• Tom Lee’s Big Bitcoin Price Prediction Dropped to $15,000

    Fundstrat’s Tom Lee, often referred to as the ‘crypto bull’, has revised his end of year Bitcoin price prediction from $25,000 down to $15,000, which is still pretty optimistic looking at the state of things today. Bitcoin at $15k By Year End Speaking to CNBC the co-founder of Fundstrat Global Advisors said that the key issue was Bitcoin’s ‘break-even point’, a level where mining costs match the trading price. For Bitmain’s flagship S9 Antminer the level is down to $7,000 from an earlier estimate of $8,000 according to analysts. Lee’s prediction is that Bitcoin should be at around 2.2 times the new break-even price of $7,000 which puts it at just over $15,000. This week has been one of the worse for Bitcoin and cryptocurrencies in 2018. BTC fell to a new yearly low of just below $5,400 on Thursday and has failed to rebound much from there. At the time of writing it is trading at $5,540, almost three times lower than Lee’s year end level. Bitcoin bull Lee is still predicting a recovery citing previous long bear markets in 2014 when BTC never sustained a move below break-even. “While bitcoin broke below that psychologically important $6,000, this has led to a renewed wave of pessimism. But we believe the negative swing in sentiment is much worse than the fundamental implications,” he added. Some of the blame has been put at the recent ‘crypto war’ that has broken out on Twitter between opposing Bitcoin Cash factions. The verbal mudslinging and hash power battles that ensued have shown weaknesses and divisions in the crypto community – a group of technology and computer science experts that really should all be striving for the same thing regardless of the specifics of forked chains or ideologies. Lee added that “part of a broader creation of infrastructure necessary for institutional involvement,” has been orchestrated by the involvement of Fidelity and the launch of Bakkt. The fundamentals for cryptocurrencies have generally been pretty good for the latter half of the year yet the bears have still pushed markets to their lowest levels for over 12 months. Cryptocurrency markets are currently down again on the day and total market capitalization is hovering above $180 billion which is over 78% lower than its January peak of $830 billion. Coincidentally, or not, the crypto winter of 2014 saw markets plummet by exactly the same amount, 78%, when they fell from over $15 billion to a low of $3.3 billion over a 13 month period. Image from Shutterstock The post Tom Lee’s Big Bitcoin Price Prediction Dropped to $15,000 appeared first on NewsBTC.

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  • Alibaba made a smart screen to help blind people shop and it costs next to nothing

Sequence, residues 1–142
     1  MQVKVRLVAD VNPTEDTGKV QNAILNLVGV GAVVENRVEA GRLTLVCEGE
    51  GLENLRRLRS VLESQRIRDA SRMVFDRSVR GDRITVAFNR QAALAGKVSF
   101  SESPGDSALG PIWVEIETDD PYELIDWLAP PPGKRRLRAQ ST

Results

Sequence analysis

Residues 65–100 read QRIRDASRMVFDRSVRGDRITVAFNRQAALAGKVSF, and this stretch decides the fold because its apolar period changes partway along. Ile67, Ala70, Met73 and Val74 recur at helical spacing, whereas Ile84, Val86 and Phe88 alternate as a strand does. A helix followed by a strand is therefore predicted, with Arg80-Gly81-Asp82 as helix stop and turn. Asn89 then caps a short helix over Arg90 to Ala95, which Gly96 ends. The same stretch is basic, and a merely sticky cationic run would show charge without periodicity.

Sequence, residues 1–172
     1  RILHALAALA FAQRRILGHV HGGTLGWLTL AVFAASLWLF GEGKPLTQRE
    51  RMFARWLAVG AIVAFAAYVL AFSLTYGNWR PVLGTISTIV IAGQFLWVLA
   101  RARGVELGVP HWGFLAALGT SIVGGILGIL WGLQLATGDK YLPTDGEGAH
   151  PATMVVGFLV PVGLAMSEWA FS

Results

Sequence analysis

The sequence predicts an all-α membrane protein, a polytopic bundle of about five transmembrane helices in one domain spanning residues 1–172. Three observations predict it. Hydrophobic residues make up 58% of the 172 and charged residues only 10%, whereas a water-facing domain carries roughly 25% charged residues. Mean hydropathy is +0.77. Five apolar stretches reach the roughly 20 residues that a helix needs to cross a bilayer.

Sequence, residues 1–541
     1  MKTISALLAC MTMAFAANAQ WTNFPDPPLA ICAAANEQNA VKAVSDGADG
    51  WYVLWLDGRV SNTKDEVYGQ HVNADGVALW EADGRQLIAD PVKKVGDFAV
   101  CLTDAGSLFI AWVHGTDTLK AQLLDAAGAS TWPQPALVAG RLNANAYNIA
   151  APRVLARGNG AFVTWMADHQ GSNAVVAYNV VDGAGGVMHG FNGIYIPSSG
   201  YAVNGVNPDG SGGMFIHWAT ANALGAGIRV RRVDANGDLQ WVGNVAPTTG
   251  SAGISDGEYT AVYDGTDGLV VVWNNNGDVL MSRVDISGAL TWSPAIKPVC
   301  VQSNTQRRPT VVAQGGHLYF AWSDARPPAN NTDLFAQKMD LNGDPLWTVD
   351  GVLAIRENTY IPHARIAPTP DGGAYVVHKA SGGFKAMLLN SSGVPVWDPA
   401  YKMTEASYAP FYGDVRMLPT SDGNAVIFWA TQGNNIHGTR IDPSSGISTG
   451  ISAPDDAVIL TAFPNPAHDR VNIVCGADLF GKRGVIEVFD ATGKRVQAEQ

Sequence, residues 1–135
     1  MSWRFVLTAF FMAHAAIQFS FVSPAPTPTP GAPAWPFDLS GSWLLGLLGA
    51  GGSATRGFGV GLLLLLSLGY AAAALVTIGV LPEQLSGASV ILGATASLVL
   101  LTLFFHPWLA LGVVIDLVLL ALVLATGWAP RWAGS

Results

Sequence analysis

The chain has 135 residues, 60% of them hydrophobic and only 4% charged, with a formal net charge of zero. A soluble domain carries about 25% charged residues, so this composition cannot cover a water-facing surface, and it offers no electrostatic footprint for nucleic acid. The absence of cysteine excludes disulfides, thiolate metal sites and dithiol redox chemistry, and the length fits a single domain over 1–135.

Just a few years ago, Li Mengqi could not have imagined shopping on her own. Someone needed to always keep her company to say aloud what was in front of her, who’s been blind since birth. When smartphones with text-to-speech machines for the visually impaired arrived, she immediately bought an iPhone. “Though it was expensive,” Li, a 23-year-old who grew up in a rural village in eastern China’s Zhejiang province, told me. Cheaper smartphone options in China often don’t have good accessibility features. Screen readers opened a plethora of new opportunity for those with visual impairments. “I felt liberated, no longer having to rely on others,” said Li, who can now shop online, WeChat her friends, and go out alone by following her iPhone compass. Reading out everything on the screen is helpful, but it can also be overwhelming. Digital readers don’t decipher human thoughts, so when Li gets on apps with busy interfaces, such as an ecommerce platform, she’s bombarded with descriptions before she gets to the thing she wants. Over the past two years, Alibaba’s $15 billion R&D initiative Damo Academy has been working to improve smartphone experience for the blind. Its latest answer, a joint effort with China’s prestigious Tsinghua University, is a cheap silicone sheet that goes on top of smartphone screens. Li is among the first one hundred visually impaired or blind users to trial the technology. Nothing stands out about the plastic film – which cost RMB 0.25 or 3.6 American cents each to produce – until one has a closer look. There are three mini buttons on each side. They are sensory-enabled, which means pressing on them triggers certain commands, usually those that are frequently used like “go back” and “confirm”. “It’s much easier to shop with the sheet on,” said Li. Having button shortcuts removes the risk of misclicking and the need for complex interactions with screens. Powering Smart Touch is human-machine interaction, the same technology that makes voice control devices possible. Alibaba’s $1 “Smart Touch” plastic sheet helps smoothen smartphone experience for the visually impaired. / Photo credit: Alibaba “We thought, human-machine interaction can’t just be for sighted people,” Chen Zhao, research director at Damo Academy told TechCrunch. “Besides voice, touch is also very important to the blind, so we decided to develop a touch feature.” Smart Touch isn’t just for fingers. It also works when users hold their phones up to the ears. This lets them listen to text quickly in public without having to blast it out through speakers or headphones. Early trials of ear touch show a 50 percent reduction in time needed to complete tasks like taking calls and online shopping, Alibaba claims. Emotions also matter. People with visual disabilities tend to be more cautious as they fumble through screens, so Smart Touch takes that into account. For instance, users need to double-click on the silicone button before a command goes through. At the moment, Smart Touch works only on special editions of Alibaba’s two flagship apps, e-commerce marketplace Taobao and payment affiliate Alipay . The buttons automatically take on different functions when users switch between apps. But Zhao said she wanted to make the technology widely available. Some tinkering with existing apps will make Smart Touch compatible. The smart film requires more testing before it officially rolls out early 2019, so Damo and Tsinghua have been recruiting volunteers like Li for feedback. “Unlike with regular apps, it’s hard to beta test Smart Touch because the blind population is relatively small,” observed the researcher, but embedding the technology in popular apps could speed up the iteration process. There’s also the issue with distributing the physical sheets. According to state census, China had around 13 million visually impaired people in 2012. That’s about one in a hundred people. However, they are rarely seen in public, as a post on China’s equivalent of Quora points out. One oft-cited obstacle is that most roads in China aren’t disability-friendly, even in major cities. (In my city Shenzhen, blind lanes are common but they often get cut off abruptly to make way for a crossing or a bus stop.) Damo doesn’t plan to monetize the initiative, according to Zhao. She envisions a future where her team could give out the haptic films — which can be mass produced at low costs — for free through Alibaba’s expanding network of brick-and-mortar stores. Time will tell whether the accessibility scheme is more than public relations fluff. Initiatives around corporate social responsibility have mushroomed in China in recent years. They have come under fire, however, for being transient because many merely pander to the government’s demand (link in Chinese) for corporate ethics overlook long-term impact. “The technology is ready. It just takes time to test it on different smartphones and bring to users at scale,” said Zhao.